Welcome to a new era of Major League Baseball.
Whether it’s here to stay or not is yet to be seen, but there’s not question that the rules changes instituted in the offseason have significantly changed the game.
The most notable of those changes is, of course, the use of a pitch clock.
Under the new rule, pitchers will have 15 seconds to throw a pitch with the bases empty and 20 seconds with a runner on base. Hitters will need to be in the batter’s box with eight seconds on the pitch clock.
Major League Baseball got its desired result. The average game time was down almost 30 minutes from 2022 to 2023. But it didn’t come without controversy.
Chicago Cubs pitch Marcus Stroman quickly fell victim to the new rule.
Marcus Stroman is now an answer to a future trivia question as he was called for the first ever regular season pitch-clock violation in MLB history pic.twitter.com/OTqjHGhCPA
— Jomboy Media (@JomboyMedia) March 30, 2023
While Boston Red Sox star Rafael Devers was the first batter to feel the wrath of the clock after failing to get set in the batters box in time.
Watch as Rafael Devers becomes the first player in MLB history to be called out because of a pitch clock violation. 😐
There's just not enough time to safely step out between pitches (even foul balls). pic.twitter.com/owm6v86aHJ
— Codify (@CodifyBaseball) March 30, 2023
Philadelphia Phillies ace Aaron Nola became victim of an unforeseen consequence of the clock during a meltdown inning against the Texas Rangers.
During a nightmare nine-run inning, the Phillies learned the hard way that things have changed. "It’s so much different. We just have to manage it better."
Momentum in the pitch-clock era requires new strategies: https://t.co/Ps9cDAOS2l
— Matt Gelb (@MattGelb) March 31, 2023
As was Cleveland Guardians reliever James Karinchak.
Felt like James Karinchak wasn’t quite on after the pitch clock violation. All over the place, appearing rushed and it culminates by giving up a three-run home run to Ty France. pic.twitter.com/HgjLdSqZaZ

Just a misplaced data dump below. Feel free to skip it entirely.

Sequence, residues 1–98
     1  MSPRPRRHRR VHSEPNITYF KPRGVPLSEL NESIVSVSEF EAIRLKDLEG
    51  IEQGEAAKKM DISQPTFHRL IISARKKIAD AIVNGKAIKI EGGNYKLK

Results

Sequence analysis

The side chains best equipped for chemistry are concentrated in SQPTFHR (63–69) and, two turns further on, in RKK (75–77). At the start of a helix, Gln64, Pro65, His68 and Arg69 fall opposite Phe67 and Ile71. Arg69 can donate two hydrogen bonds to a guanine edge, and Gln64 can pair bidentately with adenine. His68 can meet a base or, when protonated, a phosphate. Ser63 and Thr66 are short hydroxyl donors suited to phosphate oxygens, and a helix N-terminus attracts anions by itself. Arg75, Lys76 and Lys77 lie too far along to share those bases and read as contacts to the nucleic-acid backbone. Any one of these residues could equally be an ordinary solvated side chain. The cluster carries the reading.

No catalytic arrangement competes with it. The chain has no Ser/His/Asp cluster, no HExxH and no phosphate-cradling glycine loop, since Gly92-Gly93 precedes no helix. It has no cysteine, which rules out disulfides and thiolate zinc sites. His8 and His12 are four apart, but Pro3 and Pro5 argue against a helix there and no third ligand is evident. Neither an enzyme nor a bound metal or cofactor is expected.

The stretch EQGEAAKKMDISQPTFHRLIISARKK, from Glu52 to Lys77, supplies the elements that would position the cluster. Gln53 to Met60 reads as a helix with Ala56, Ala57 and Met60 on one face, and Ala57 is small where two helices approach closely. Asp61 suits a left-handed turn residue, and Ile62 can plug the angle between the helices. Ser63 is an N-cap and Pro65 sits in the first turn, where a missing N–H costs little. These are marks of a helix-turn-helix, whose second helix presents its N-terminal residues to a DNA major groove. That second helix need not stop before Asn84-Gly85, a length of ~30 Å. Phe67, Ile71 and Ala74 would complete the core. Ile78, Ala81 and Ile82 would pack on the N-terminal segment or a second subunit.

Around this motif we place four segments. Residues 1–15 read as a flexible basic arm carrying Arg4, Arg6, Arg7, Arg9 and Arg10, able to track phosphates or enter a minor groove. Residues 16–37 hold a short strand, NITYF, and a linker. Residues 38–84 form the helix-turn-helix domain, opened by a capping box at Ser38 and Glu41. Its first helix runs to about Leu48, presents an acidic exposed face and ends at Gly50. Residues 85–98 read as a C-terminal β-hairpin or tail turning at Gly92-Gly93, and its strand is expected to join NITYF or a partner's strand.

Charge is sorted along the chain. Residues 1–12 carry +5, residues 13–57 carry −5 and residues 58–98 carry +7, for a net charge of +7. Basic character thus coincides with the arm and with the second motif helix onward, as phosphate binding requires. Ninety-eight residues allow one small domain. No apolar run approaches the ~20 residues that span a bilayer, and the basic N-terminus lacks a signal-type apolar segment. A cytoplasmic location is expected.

— Billy Heyen (@BillyHeyen) March 31, 2023
But what did fans have to say about the new rule and how it affected them? Well, many enjoyed the shortened games.
To say the pitch clock was smash success on Opening Day would be a gross understatement. We're talking best rule change ever. Only 5 of 15 games went over 3 hours.
The scores of 3 of the 5 gms that went over 3 hrs: 10-9, 10-9, 11-7.
Here are the times for the Opening Day games. pic.twitter.com/Vn92CPlYFU
— Jimmy Traina (@JimmyTraina) March 31, 2023
Mariners game started at 9:10pm. Mariners win at 11:27pm.
Who are these dorks who didn't want a pitch clock? This is the best thing that's ever happened to baseball lol
— David Helman (@davidhelman_) March 31, 2023
Though not everyone was as convinced.
It's been 5 innings and I already hate the pitch clock. There's just no opportunity to let moments breathe.
— devon (@2012Devon) March 30, 2023
@MLB pitch clock is ruining baseball. It is faster no doubt but making pitchers and hitters to rush is not helpful. Do better and figure out something else. Baseball eventually is going to turn into a circus to watch.
— Douglas (@edouglas8) March 31, 2023
Some even questioned whether fans who like the new pitch clock rules even really liked watching baseball to begin with.
Avg. MLB game length: 3:03
Avg. action-time in MLB: 18 minutes
Avg. NFL game length: 3:12
Avg. time of ball-in-play (action) in NFL: 18 minutes
Does baseball really need to be timed,sped up?
OR… hear me out…
Did you just not prefer the sport to begin with?
— nocturnalnati (@nocturnalnati) February 28, 2023
Ultimately, the new rules will likely be a point of contention throughout the season. Major League Baseball will point to shortened game times as a massive success. But unless they lead to an influx of fans at games and watching on TV, it will mean very little.
So where do you stand on the new pitch block? A fan? A hater? Or maybe somewhere in between?